“It's all about identifying those behavior patterns and the drivers that may lead to future risk issues as well as work processes that may have unintended consequences,” she says. “It allows firms to be more forward-looking in their risk management approach.”
Management also needs to understand, she adds, that “this is not an HR issue, but a risk management issue,” with the behavioral risk team or adviser reporting to the CEO or chief risk officer. “Our efforts are not about detecting misbehavior, but about looking closely at current behaviors and the drivers of those behaviors as well as how decisions are made, how teams communicate, and what are the group dynamics.”
The assessment process can involve one-on-one interviews, focus groups, data collection and the use of a behavioral analytics platform coupled with AI to study everyday communication patterns. The combination of people and technology tools allows her risk team to identify root causes of any risk issues and to prescribe an effective course of action.
Depending on the nature of the “hot spot,” Scholten says, her team may prescribe various interventions. In anti-money laundering compliance, a gamified training solution that guides employees to make better AML decisions can be effective. On a trading desk, a cultural revamp and dramatic change in leadership style may be called for.
Nudging Savings, Collecting Debt
An example in the fintech realm is Swedish app developer Dreams, whose chief scientific officer, Elin Helander, is trained in cognitive science. The platform uses “scientific methods to nudge and boost [bank] customers to save more, pay off debt faster,” and thereby increase their well-being through smarter financial decisions.
Customers are asked to identify, name and select images that match their dream goals and then are nudged toward them. “We turn the power of consumer emotions into strength by making their savings goals and money emotional to them,” Helander explains. “Our method is rooted in psychology and behavioral economics.”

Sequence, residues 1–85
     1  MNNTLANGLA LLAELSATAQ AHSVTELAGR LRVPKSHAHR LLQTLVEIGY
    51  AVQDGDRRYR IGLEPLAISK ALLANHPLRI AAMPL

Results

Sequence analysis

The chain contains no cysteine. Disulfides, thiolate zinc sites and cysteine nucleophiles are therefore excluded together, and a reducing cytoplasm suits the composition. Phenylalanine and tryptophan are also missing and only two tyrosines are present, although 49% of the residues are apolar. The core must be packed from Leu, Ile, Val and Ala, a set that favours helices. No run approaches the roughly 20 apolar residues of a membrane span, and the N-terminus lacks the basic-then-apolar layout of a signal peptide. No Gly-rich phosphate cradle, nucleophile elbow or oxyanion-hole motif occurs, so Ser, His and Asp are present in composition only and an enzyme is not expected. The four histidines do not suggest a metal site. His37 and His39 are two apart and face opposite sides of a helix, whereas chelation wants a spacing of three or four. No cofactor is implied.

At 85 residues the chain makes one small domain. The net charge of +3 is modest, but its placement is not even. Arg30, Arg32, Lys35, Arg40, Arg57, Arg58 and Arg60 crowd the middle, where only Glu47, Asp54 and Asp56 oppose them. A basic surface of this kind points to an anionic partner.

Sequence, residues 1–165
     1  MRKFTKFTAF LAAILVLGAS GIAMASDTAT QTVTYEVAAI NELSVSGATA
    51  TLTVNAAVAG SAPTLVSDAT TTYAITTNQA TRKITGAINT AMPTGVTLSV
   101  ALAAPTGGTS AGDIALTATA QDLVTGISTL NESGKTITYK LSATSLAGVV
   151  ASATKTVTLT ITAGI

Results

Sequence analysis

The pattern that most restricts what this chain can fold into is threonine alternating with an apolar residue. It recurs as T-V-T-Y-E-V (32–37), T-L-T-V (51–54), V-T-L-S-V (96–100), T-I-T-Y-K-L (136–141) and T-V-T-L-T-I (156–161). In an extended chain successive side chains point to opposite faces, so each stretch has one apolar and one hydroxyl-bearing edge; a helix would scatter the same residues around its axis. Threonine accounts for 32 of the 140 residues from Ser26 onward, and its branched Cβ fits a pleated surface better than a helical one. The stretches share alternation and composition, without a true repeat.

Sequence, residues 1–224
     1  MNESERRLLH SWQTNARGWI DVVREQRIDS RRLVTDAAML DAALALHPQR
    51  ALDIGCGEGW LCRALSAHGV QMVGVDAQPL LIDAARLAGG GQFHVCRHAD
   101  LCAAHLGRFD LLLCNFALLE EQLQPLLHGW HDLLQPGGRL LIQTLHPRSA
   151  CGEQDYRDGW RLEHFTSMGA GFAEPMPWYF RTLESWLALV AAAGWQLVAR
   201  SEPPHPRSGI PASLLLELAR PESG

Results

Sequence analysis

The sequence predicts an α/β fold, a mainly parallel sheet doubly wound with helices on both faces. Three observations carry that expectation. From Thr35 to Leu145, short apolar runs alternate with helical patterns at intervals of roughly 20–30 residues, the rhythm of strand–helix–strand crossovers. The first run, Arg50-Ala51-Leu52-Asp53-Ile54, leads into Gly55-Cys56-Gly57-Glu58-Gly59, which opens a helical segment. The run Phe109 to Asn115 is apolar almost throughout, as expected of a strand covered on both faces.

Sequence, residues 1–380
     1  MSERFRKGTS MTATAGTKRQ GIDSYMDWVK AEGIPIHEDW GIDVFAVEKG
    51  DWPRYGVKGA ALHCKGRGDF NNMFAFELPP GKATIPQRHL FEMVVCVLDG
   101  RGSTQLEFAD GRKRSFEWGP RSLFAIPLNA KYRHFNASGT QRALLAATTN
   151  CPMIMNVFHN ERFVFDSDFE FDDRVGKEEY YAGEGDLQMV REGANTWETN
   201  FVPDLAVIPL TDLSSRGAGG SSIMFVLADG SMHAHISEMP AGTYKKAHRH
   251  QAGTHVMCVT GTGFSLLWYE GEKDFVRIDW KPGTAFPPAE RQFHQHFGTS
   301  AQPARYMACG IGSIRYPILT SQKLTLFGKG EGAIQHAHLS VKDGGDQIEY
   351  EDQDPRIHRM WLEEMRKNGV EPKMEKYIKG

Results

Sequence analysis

Digital debt collector TrueAccord, according to co-founder and CEO Ohad Samet, studies behavioral cues - how consumers browse, the devices they use, times of day when they interact, etc. - to tweak messaging and determine how to give the debtor a sense of agency in the collection process.
“Anchoring is not a new behavioral concept, but anchoring in the context of a debt repayment system is,” Samet says, referring to the behavioral finance term for an irrational bias toward an arbitrary benchmark that can lead to poor decision-making.
Combined with empathy and digital communication, anchoring that aligns with a consumer's financial needs and ability to pay can significantly reduce the risk of nonpayment, he says, adding that the system delivers a 30% to 50% improvement over traditional debt collection.
Behavioral Signals' AI-mediated conversational technology is designed to distinguish emotion and behavioral signals in voice data, helping banks better manage conversations pertaining to non-performing loans. The patented bioprint technology analyzes 75 attributes of a voice and matches “the unique conversational dynamic of an individual” with a collection agent to aid in reaching a positive outcome, says CEO Rana Gujral.
“We are simply looking at pitch and tonal variance and completely ignoring the words being spoken when we make a match,” Gujral adds. Over time, he sees this technology being used in other types of financial interactions.
Gujral says that his clients can improve their revenue recovery by 12% to 18%, which can add up to hundreds of millions of dollars. "It is a very effective tool for managing and mitigating risk," he adds.
Proponents of these behavioral approaches point out that despite the demonstrated benefits, there are challenges and risks. More than one expert warns that such strategies can also lead to bad behavior, as in the case of online platforms that may encourage high-volume securities trading and taking on more risk than a client can safely handle.
On the other hand, many see reasons for optimism as behavioral techniques become more accepted and refined. “I see a future,” Scholten says, “where every bank will have a behavioral scientist in-house and behavioral risk team on board to help prevent problems and to increase the quality of risk management efforts.”
Katherine Heires is a freelance business journalist and founder of MediaKat llc.